Reading the article brought back memories of the time I learnt to play the canang (gong) when I did a course on Malaysian theatre at Universiti Sains Malaysia (USM) in 1978.
An important component of the course required students to play at least one of the wayang kulit musical instruments. While the Kelantanese students in the class took to the instruments like ducks to water, it was a challenge for those of us who were handling them for the first time. Furthermore, our teacher was a tok dalang (master puppeteer) who spoke mostly Kelantanese Malay.
At the end of the semester, a mini stage was set up on campus for us to put up a wayang kulit performance as part of the course assessment. The audience comprised mainly students of the university. However, there was one truly memorable performance where members of the audience were none other than the various heads of state in our country.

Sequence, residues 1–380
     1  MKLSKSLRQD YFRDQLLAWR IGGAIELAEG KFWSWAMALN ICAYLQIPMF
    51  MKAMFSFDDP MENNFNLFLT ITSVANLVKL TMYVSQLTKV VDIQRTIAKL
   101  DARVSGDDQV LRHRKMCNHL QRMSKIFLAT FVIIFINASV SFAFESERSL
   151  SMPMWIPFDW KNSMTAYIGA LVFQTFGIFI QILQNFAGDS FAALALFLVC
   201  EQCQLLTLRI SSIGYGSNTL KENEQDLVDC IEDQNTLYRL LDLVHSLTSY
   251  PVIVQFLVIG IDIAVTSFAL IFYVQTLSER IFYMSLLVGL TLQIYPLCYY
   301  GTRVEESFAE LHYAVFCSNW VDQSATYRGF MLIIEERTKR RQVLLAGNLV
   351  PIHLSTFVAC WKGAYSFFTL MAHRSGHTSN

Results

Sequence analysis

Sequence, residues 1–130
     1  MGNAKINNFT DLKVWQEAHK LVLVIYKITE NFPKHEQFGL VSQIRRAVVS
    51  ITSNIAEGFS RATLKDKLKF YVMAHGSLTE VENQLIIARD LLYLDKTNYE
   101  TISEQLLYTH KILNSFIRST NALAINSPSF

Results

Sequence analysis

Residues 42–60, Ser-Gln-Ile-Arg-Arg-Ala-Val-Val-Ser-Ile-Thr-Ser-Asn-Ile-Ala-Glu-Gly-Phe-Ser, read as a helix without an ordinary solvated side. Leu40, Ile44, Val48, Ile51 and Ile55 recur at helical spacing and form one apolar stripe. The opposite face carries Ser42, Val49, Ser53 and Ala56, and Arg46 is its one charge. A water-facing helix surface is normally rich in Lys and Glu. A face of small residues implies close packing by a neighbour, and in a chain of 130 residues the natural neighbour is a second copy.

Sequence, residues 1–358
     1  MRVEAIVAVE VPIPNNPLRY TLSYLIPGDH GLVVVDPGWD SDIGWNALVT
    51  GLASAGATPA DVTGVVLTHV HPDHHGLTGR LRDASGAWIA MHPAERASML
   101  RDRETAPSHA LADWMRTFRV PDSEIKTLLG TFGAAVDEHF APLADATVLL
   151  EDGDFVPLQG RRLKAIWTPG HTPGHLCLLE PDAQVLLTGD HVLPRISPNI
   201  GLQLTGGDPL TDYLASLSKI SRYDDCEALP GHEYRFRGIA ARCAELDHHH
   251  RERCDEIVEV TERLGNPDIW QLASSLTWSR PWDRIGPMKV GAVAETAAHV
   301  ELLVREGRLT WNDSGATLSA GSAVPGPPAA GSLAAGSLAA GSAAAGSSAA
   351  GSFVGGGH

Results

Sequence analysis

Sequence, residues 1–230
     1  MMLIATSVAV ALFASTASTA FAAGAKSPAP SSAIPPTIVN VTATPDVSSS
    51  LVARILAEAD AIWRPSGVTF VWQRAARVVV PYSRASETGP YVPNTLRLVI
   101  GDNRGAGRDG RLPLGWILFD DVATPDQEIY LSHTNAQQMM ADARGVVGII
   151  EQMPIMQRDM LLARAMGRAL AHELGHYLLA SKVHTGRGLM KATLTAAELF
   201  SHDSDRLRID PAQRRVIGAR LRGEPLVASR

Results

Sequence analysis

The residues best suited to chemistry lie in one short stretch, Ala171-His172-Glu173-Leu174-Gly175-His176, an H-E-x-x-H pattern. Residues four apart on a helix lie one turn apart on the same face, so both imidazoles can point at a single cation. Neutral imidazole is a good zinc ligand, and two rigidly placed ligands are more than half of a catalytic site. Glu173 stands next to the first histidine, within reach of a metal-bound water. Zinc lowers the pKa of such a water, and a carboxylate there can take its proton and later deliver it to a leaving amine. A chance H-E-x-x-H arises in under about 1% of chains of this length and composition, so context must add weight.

In September that year, the Conference of Rulers was held in Penang and a night of cultural performances was organised in conjunction with the event. A few of us in the wayang kulit class were selected to be the ensemble that accompanied our tok dalang to present an item that night. The event was held at Dewan Sri Pinang.
Wayang kulit is an interesting art form and it would be a real pity if it disappears completely. So it is heartening to note that Pak Dain, the tok dalang mentioned in the article, has set up a gallery where people can learn about wayang kulit.
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